FIA Given Jurisdiction to Arrest Money Traders Operating W/o Licenses

Written by  Published by:Pakistan Views Wednesday, 24 February 2016 18:14
PESHAWAR: The Peshawar High Court on Tuesday declared Federal Investigation Agency’s (FIA) closure of certain currency dealers in the city as legal and allowed it to take further action agains those running businesses without licenses. The case was then disposed of by the court.

The division bench of justices Yahya Afridi and Roohul Amin was hearing a writ filed by Sarafa Currency Association which challenged the FIA’s action of sealing their shops at Chowk Yadgar.

Justice Yahya Afridi also dismissed interim relief given to the dealers without licences to reopen their shops. However, the bench directed the FIA not to harass currency traders who were conducting business within the remit of the law.

Last month, an FIA team, backed by police, raided the open currency market in Chowk Yadgar, Peshawar and sealed 40 shops and arrested 60 money changers.

An official of FIA told media at the time there were 300 money changers in the market and only four were legally registered. He alleged the rest were involved in illegal money laundering and were transferring funds to Islamic State in Afghanistan.

In their petition, the money dealers claimed they were dealing in Afghan currency for decades as it was a source of income for hundreds of families. They requested nullification of the FIA action and asked their shops be reopened.

FIA Legal Assistant Director Javed Khan told the bench the dealers should get a license from the State Bank of Pakistan (SBP) to run the currency business under the laws for which Rs200 million must first be deposited at the bank.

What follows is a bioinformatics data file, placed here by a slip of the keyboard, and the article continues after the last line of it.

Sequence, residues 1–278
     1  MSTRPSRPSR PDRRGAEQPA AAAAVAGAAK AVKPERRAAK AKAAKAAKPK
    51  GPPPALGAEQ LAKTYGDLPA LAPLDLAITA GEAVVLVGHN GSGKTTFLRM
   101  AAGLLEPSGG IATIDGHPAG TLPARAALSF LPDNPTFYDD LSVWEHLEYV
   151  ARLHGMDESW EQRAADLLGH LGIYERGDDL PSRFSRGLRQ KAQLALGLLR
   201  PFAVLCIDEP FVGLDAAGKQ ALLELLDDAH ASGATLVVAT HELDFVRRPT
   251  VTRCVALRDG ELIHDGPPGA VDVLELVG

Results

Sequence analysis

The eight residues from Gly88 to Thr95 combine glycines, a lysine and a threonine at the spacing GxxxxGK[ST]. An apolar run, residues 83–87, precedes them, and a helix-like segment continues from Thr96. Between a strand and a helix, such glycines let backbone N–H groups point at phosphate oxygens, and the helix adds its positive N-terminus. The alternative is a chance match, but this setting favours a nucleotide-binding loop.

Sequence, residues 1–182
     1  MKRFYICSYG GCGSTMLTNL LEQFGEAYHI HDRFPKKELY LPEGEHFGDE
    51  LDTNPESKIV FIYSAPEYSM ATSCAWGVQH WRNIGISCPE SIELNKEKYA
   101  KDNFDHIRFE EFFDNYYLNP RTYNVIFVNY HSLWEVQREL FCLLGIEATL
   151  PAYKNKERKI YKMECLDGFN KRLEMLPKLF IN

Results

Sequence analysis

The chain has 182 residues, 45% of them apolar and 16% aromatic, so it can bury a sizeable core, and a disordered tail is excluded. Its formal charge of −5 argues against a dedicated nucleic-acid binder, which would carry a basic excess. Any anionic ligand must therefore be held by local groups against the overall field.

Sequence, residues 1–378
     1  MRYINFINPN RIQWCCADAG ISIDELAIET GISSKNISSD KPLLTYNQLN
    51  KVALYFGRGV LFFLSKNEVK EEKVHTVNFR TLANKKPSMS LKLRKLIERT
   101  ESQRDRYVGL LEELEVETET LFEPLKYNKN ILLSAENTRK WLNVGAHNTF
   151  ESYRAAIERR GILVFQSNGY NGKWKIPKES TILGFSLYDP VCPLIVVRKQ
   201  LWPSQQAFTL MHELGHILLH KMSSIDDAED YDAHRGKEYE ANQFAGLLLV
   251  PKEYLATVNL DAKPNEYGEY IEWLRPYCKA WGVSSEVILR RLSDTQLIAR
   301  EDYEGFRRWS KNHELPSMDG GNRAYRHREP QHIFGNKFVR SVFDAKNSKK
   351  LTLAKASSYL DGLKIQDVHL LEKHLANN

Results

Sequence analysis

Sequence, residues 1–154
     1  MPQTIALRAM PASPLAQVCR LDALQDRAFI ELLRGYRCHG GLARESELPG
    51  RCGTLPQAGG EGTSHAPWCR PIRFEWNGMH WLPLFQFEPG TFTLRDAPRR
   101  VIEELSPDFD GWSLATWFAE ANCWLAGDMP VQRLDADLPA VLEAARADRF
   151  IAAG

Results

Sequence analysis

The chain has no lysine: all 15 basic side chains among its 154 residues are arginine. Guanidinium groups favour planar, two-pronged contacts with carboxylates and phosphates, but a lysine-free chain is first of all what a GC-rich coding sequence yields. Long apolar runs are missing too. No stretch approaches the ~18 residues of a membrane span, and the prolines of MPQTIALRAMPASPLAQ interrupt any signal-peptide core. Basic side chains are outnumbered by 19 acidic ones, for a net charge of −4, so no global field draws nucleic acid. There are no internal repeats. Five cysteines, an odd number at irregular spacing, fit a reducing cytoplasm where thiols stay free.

Is Afghani a foreign currency?

“Dealers at Chowk Yadgar, who are dealing in foreign currency, are [not legal]. The Afghan currency is also a foreign currency due to which the shops were sealed,” he said.

The bench, after hearing the arguments, directed FIA not to harass dealers who legitimately conduct their business and disposed of the case. The division bench provided interim relief for those with shops who have licenses, by unsealing them.

Abdul Sattar Khan, counsel representing the petitioners, argued sealing around 300 shops violated Article 18 of the Constitution. He added shops were also sealed in 1999 and reopened by the Peshawar DC through an order. At the previous hearing, the bench ordered the reopening of the markets.

Employees restored

The same bench ordered the restoration of nine employees of Town Council-III, Peshawar on grounds that no reasons were provided in the termination order.

The bench was hearing a writ filed by Muhammad Ilyas and other employees through their counsel Asif Khan Yousafzai.

The lawyer said the petitioners were recruited as Class-IV employees in 2013 and were dismissed in 2014 through a notification. The authorities claimed the recruitment was not made on merit, but no show-cause notice was issued to the employees nor was the relevant law followed.

 

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